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It’s Been 30 Years Since Food Ate Up This Much of Your Income

Maybe if enough people start injecting with Ozempic it will reduce their food bill!


It’s Been 30 Years Since Food Ate Up This Much of Your Income

Ongoing high costs lead food manufacturers and restaurants to keep prices elevated

By Jesse Newman and Heather Haddon, WSJ

Feb. 21, 2024 5:30 am ET


The last time Americans spent this much of their money on food, George H.W. Bush was in office, “Terminator 2: Judgment Day” was in theaters and C+C Music Factory was rocking the Billboard charts.


Eating continues to cost more, even as overall inflation has eased from the blistering pace consumers endured throughout much of 2022 and 2023. Prices at restaurants and other eateries were up 5.1% last month compared with January 2023, while grocery costs increased 1.2% during the same period, Labor Department data show.


Relief isn’t likely to arrive soon. Restaurant and food company executives said they are still grappling with rising labor costs and some ingredients, such as cocoa, that are only getting more expensive. Consumers, they said, will find ways to cope.


“If you look historically after periods of inflation, there’s really no period you could point to where [food] prices go back down,” said Steve Cahillane, chief executive of snack giant Kellanova, in an interview. “They tend to be sticky.”


Companies are set to pay more for staffing, after 22 states in January lifted the minimum wage for hourly workers.


In 1991, U.S. consumers spent 11.4% of their disposable personal income on food, according to data from the U.S. Agriculture Department. At the time, households were still dealing with steep food-price increases following an inflationary period during the 1970s.

More than three decades later, food spending has reattained that level, USDA data shows. In 2022, consumers spent 11.3% of their disposable income on food, according to the most recent USDA data available.


Food inflation has raised the ire of President Biden, who took to Instagram during the Super Bowl to blast food makers that he said were providing less bang for consumers’ buck—putting fewer chips in each bag or shrinking the size of ice-cream containers.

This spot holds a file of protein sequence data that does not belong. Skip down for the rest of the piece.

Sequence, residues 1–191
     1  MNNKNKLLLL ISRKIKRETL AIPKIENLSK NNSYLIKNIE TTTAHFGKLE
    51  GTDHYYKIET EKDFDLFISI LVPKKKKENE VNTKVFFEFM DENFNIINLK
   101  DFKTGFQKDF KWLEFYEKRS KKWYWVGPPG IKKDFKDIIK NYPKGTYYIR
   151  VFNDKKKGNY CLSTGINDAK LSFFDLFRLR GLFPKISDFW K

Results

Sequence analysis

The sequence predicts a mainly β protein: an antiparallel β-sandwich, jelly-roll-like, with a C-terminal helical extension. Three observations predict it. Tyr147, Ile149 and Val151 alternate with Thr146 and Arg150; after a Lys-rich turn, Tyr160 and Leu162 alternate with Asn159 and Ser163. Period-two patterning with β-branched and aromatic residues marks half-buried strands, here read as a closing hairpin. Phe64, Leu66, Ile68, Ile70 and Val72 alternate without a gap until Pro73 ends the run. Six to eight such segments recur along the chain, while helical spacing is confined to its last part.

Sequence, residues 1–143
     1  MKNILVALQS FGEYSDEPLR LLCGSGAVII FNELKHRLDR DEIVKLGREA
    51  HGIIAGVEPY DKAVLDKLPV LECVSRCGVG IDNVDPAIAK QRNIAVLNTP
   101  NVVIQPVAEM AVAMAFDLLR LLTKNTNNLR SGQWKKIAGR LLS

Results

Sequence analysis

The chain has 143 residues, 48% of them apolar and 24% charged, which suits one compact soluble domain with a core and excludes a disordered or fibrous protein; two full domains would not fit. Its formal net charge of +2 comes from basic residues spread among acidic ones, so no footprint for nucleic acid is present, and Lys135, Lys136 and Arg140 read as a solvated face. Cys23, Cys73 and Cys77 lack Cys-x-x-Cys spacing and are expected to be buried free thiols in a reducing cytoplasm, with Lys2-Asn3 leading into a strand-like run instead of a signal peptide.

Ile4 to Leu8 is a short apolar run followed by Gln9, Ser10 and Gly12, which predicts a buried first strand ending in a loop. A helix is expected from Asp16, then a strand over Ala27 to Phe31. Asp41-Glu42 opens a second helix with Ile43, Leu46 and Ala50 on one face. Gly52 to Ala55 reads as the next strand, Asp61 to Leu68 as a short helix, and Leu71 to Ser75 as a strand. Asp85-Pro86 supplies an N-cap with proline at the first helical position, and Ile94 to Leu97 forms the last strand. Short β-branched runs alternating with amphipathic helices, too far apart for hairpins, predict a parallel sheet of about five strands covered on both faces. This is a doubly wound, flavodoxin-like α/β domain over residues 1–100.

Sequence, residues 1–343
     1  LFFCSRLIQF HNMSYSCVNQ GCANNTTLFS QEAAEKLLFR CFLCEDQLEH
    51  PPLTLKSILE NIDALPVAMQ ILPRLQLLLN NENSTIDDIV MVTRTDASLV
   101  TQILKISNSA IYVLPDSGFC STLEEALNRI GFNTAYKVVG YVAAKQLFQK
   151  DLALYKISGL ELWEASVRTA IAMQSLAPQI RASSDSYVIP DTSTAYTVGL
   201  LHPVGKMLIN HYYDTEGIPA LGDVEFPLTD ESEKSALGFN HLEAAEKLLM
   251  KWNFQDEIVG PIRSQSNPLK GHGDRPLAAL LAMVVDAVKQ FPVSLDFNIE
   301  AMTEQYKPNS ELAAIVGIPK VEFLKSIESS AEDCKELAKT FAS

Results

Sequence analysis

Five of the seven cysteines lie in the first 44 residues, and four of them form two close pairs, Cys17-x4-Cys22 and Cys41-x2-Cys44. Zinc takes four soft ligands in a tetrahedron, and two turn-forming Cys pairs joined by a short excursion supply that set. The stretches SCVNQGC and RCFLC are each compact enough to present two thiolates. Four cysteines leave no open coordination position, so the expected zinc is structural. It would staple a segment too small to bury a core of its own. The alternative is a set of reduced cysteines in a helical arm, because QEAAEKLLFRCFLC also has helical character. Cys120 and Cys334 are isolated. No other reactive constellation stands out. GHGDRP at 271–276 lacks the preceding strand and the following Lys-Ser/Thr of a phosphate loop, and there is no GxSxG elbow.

“The American public is tired of being played for suckers,” Biden said. “I’ve had enough of what they call shrinkflation. It’s a rip-off.”


David Chavern, CEO of the Consumer Brands Association, which represents major food manufacturers, said the industry offers many choices at different price points. “We hope to work with the president on real solutions that benefit consumers,” he said.

In suburban Chicago, Lisa Wister said her food bills are rising faster than her family’s income, leading them to make their own granola from scratch and pack their own snacks for the movies. “Everything is a negotiation, an analysis about our budget,” said Wister, an occupational therapist. “It’s exhausting.”




Many diners have said they are going out less frequently or skipping appetizers, while buying cheaper store brands more frequently at supermarkets and seeking out promotions or deals offered via apps. That is starting to chip away at some sales for food makers and restaurant operators.


Denny’s, Wendy’s and other restaurant chains told investors this month that their guest counts fell last year compared with 2022 levels as consumers, in particular those with lower incomes, feel the financial pinch. Big food makers including Hershey and Kraft Heinz have reported that their sales volumes declined as prices rose for their products, with several reporting a hit to profits in the latest fiscal year—and others an increase.